Letter to Editor

On the Church Today and “Weird” Christians

Dear Editor:

Your editorial, of May 16-22, 2020, quotes largely from the writing of Tara Isabella Burton making a case for “a return to old-school forms of worship.” In a lengthy article on the subject, Christianity Gets Weird, New York Times, May 8, 2020 she explains “Nearly every major branch of American Christianity is in demographic decline.” So just where are we today, with the Greek Orthodox Church in the USA, and what, if any, cure is required? Correction requires leadership of extraordinary vision and ability to analyze and follow through. We once had such a leader. I am 92 years old and clearly remember Archbishop Iakovos, who on March 15, 1965, as leader of the Greek Orthodox Archdiocese of North and South America, joined Martin Luther King, Jr.’s Civil Rights March in Selma, Alabama, putting our Church on the right side of history. He successfully overcame the vicious complaints of the many who believed the Archbishop should limit his attention only to Greeks. They were wrong and almost destroyed the respect the Archbishop gained for us. Also, there is no doubt in my mind that 55 years ago we were much closer to Autocephaly than we are today, again because of the visionary Archbishop Iakovos. The current condition of the Coronavirus Pandemic has put most of the USA under great stress and has unfortunately and tragically led many to choose between loss of life and a loss of money. What does our Church say? Obviously, the answer of the church must be in a language you understand.  If you do not understand the language you have not heard an answer. We need talented clergy that today can appropriately use both Greek and English. In due course a vaccine will conquer coronavirus.  Where will our Church be then? Burton uses terms like “Weird Christians,” albeit partly in jest. I am not comfortable with the term but will play along. What is badly needed are clergy that have the ability to communicate with everyone in the congregation. This includes the bilateral use of both Greek and English during both the liturgy and the sermon. No-one should be left out, or feel ignored. An extremely difficult task, but I have seen it done repeatedly by Father Eugene Pappas of the Three Hierarchs Church in Brooklyn, NY. Of course, at any time there may be present a few who enjoy internet liturgies, or the pageantry of the liturgy, or just the sound of the hymns, the smell of Incense, the beauty and comfort of the surroundings, but they may not care about the underlying significance of any of it. It would take a genuine genius to bring them around. The old cliché is “you can bring a horse to water but you can’t make him drink.”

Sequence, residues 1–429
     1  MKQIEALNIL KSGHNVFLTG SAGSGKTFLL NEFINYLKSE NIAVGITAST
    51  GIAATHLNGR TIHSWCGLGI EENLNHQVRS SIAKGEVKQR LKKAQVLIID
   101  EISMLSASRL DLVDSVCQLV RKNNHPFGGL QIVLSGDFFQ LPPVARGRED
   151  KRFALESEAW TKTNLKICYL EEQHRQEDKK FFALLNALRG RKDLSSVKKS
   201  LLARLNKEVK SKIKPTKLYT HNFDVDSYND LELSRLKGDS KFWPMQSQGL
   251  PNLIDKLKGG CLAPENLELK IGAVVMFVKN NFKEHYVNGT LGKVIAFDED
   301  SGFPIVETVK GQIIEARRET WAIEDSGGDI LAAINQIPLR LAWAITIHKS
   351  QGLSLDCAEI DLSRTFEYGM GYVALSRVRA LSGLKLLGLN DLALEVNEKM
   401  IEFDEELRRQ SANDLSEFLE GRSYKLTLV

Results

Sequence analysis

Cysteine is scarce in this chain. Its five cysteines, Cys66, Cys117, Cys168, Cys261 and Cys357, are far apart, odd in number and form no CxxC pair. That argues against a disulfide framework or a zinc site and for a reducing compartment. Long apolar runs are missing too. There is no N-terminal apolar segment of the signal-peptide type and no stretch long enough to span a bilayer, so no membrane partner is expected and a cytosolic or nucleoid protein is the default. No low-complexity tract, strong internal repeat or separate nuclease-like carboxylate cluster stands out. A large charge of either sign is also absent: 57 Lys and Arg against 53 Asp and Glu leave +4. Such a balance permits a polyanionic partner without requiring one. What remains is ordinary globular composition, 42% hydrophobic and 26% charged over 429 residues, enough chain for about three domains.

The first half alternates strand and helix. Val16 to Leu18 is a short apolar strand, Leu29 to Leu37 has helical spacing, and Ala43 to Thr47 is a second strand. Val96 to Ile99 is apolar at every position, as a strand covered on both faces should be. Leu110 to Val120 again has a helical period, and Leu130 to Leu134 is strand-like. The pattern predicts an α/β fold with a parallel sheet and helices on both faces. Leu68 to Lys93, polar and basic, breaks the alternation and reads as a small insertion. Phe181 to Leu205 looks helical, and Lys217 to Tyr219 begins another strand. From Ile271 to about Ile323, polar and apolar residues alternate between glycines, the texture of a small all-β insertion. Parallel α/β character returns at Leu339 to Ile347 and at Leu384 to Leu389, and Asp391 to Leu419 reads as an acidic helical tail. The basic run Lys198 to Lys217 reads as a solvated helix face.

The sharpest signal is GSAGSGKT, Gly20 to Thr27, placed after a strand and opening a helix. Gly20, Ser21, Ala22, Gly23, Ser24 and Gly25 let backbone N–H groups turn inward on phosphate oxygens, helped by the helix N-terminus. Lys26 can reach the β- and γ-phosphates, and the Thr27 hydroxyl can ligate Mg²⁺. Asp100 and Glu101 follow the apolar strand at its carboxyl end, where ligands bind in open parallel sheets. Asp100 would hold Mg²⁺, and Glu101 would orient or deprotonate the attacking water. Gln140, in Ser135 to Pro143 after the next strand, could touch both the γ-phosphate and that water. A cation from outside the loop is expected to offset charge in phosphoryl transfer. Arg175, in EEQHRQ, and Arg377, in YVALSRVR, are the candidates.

William (Vasilios) Vafakos

Brooklyn, NY


To the Editor: It has come to my attention through friends who work in the New York City public schools that this year, due to the fact that Orthodox Easter is May 5, and Roman Catholic Easter is on March 31, New York City public school students and staff will not have off on Orthodox Good Friday as they have had in the past when the holidays were a week apart, for example, or when Orthodox Easter happened to coincide with the school system’s spring break.

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